“It Has Changed My Life”
Recently Elizabeth said, “Starting from the beginning when I learned from these leadership modules [in the Garden Project], it has shown me every time something from my life. Normally when I listen to these kinds of messages I am listening for the other person. But this one – these modules – speak directly to ME. It has changed my life.” She went on to explain how even when she has served in the church for forty years as a women’s coordinator covering central Ethiopia, she’s realizing for the first time how she can be more effective in her ministry by improving some the mistakes she’s made in the past. She has a deep desire, for example, that her team understand their purpose. She admits that she is not always leading for the better change of others and is learning how to build others to their highest potential.
When talking about transferring the teachings to her own group of leaders, she spends significant time talking about the images and stories. She says,
“More than just sitting her learning, when I go and teach, these images and stories speak to everyone! I’m with the others to teach them, which means that even though I am teaching them, these images and stories also speak back to me. The pictures and stories look like very simple ones, but it has a great relevant message to send. The message impacts all of life very much. These images and stories are remaining in our heart, remaining in our life. And I have seen this in the others as well.”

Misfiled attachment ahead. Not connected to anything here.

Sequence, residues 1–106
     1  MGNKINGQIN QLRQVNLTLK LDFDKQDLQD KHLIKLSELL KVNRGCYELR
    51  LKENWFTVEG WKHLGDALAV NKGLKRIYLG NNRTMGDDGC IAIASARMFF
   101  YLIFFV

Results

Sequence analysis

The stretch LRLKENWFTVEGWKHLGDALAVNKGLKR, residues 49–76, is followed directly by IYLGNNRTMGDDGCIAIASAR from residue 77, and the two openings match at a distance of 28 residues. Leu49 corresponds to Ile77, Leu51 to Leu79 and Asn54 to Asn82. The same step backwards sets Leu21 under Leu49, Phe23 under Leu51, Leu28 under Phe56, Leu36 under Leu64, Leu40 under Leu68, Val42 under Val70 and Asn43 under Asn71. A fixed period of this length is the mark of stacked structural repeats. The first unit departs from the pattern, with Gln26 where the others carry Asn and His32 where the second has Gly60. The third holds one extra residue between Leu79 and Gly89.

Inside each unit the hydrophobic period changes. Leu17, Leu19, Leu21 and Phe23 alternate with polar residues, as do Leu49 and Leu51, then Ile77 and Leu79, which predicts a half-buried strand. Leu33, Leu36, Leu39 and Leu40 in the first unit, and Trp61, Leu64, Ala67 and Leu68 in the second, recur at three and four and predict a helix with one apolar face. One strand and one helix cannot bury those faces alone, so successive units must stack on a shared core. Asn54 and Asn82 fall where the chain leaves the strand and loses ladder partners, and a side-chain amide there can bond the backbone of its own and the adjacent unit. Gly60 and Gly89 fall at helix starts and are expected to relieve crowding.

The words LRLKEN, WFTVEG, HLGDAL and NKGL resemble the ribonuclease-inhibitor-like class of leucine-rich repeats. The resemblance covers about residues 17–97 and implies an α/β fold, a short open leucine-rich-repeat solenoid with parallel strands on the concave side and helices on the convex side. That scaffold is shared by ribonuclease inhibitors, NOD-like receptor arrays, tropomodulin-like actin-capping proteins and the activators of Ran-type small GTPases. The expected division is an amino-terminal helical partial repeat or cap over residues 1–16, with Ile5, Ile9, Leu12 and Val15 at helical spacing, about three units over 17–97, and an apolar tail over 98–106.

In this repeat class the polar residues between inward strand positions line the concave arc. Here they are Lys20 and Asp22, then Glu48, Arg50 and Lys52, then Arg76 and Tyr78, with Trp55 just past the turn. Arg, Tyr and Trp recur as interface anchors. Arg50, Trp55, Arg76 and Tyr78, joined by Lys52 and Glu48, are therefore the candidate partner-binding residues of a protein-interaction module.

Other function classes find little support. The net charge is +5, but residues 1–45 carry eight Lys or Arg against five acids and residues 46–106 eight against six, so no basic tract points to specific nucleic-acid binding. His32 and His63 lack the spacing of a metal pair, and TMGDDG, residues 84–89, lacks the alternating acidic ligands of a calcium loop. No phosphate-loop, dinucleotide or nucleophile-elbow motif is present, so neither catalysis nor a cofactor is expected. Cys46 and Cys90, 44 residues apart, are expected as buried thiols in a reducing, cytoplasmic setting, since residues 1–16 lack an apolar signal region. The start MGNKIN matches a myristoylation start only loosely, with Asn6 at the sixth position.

Women of Influence
As a woman of influence leading other men and women she closed by lending some perspective as far as the value of The Garden Project for women as leaders. Her face lit up when asked if a program about leadership in the church was relevant for women, too. “YES!” she said.
In fact, she went further by saying,
“It is more valuable for women than for the men, I think. It is very relevant for the women. I have seen it, you know? In our culture – in Ethiopian culture – women are not encouraged to learn, to go to college, to study the Bible. Nobody encourages them to go. They don’t have the opportunity to learn the skills and to learn the Word of God. But, this program allows them to do that. Even though they may not be an official leader in the church, they can lead their family, they can lead their children. And when I give this training to the women, those who took the training under me, I have seen the life in their family. What they were and what they are now.”
Elizabeth closed with these words, “Women can be put in places of influence. Very much. Very, very much. Keep it in your mind that as a woman, God has influenced you to influence others.”
May it be so.